Barreau was in charge of the French national team for an astonishing 36 years and managed the team on no fewer than 197 occasions - though the first 17 years of these were in an unofficial capacity as head of the team selection committee. Barreau's first involvement came when the French Football Federation was founded in 1919, and he was a key figure in ensuring France's participation at the inaugural finals in 1930, where a French player - Lucien Laurent - netted the first ever World Cup goal. France exited at the group stage in the first tournament and the first round in 1934, but two years later Barreau was officially installed as les Bleus boss.
France hosted the 1938 edition of the tournament and Barreau's side made it to the quarter-finals before reigning champions and eventual winners Italy knocked them out. The war years and subsequent dormancy of the national team make Barreau's remarkable managerial record all the more impressive, as he missed out on a potential four-and-a-half years worth of fixtures. He failed to guide France to the 1950 World Cup but in 1954 engineered qualification for the finals in Switzerland. After losing the opening match 1-0 to Yugoslavia, Mexico were beaten 3-2, as Barreau - aged 70 years and 194 days - set a record that would stand for 56 years.
The victory was, however, not enough for les Bleus to progress and it was finals disappointment again for Barreau, who went on to retire a year later after 84 (official) games at the helm. Barreau witnessed the ascent of France's "Golden Generation" in the mid-50s, spearheaded by the prolific Just Fontaine but died at the age of 74 on June 11, 1958 - the day France lost to Yugoslavia at the World Cup in Sweden, and just over two weeks before Fontaine and co produced one of the most memorable results in finals history when they beat West Germany 6-3 in the third-place play-off.
Most appearances never advancing from the first round: 8 - Scotland (1954, 1958, 1974, 1978, 1982, 1986, 1990, 1998)
Getting to eight World Cup tournaments is no mean feat and the Scots certainly deserve credit for that achievement, but whenever they have reached the finals they have well and truly failed to deliver when it has mattered most.
Andy Beattie took a bright-eyed, bushy-tailed Scotland team to their first World Cup in Switzerland in 1954, where a narrow 1-0 opening-game defeat to Austria - a respectable result considering the Austrians would finish the tournament in third place - was followed up by a 7-0 demolition at the hands of Uruguay in the second game. Scotland were packing their bags.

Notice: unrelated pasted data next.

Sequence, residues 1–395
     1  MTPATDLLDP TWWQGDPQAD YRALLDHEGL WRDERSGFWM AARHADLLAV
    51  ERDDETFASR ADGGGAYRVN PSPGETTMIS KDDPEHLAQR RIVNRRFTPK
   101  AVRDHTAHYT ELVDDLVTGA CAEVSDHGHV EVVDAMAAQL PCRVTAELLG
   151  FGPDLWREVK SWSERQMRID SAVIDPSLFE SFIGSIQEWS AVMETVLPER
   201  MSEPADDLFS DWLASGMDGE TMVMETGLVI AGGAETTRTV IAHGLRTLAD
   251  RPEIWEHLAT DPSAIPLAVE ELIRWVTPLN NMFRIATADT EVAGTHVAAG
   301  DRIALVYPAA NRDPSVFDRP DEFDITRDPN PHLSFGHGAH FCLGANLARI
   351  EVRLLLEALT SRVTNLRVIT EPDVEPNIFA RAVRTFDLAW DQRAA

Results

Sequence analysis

A second successive appearance in 1958 brought a first World Cup point as Dawson Walker's side drew with Yugoslavia, before losing by one goal to both Paraguay and France - when a certain Just Fontaine was the matchwinner. Scotland finished bottom of their group again and it would be 16 years before the Tartan Army would get another shot at the World Cup.
Led by coach Willie Ormond, a hugely talented side that included Billy Bremner, Kenny Dalglish and former European Footballer of the Year Denis Law recorded the nation's first finals win - a 2-0 victory against Zaire - as lady luck appeared to be finally smiling down. Next up were reigning champions Brazil and though they were a shadow of the side that won the 1970 trophy with such style, Scotland's 0-0 draw was still (up to that point) the best result in the national team's history. A victory was needed against Yugoslavia in the final group game but a 1-1 draw was the final result and Ormond's side agonisingly missed out on qualification.
In 1978, the Brazil result was eclipsed as the greatest in Scotland's history, as a majestic goal from Archie Gemmill gave Alistair MacLeod's charges an unthinkable 3-2 win against eventual runners-up the Netherlands. Unfortunately, a 3-1 reverse to Peru and a 1-1 draw with Iran in the previous two games meant Scotland were heading home early, again. In 1982, goal-difference was again the deciding factor as the Soviet Union went through at the Scots' expense, while even Sir Alex Ferguson could not inspire progression in 1986, as another admirable result - a 2-1 defeat against eventual runners-up West Germany - could not prevent another group stage exit.
Losses to Brazil in both the 1990 and 1998 tournaments contributed to an early plane home from Italy and France respectively, and without a World Cup qualification in 12 years, Scotland's miserable record currently reads: Played 23, Won 4, Drawn 7 and Lost 12. And just to confirm - progressions from the group stage: zero.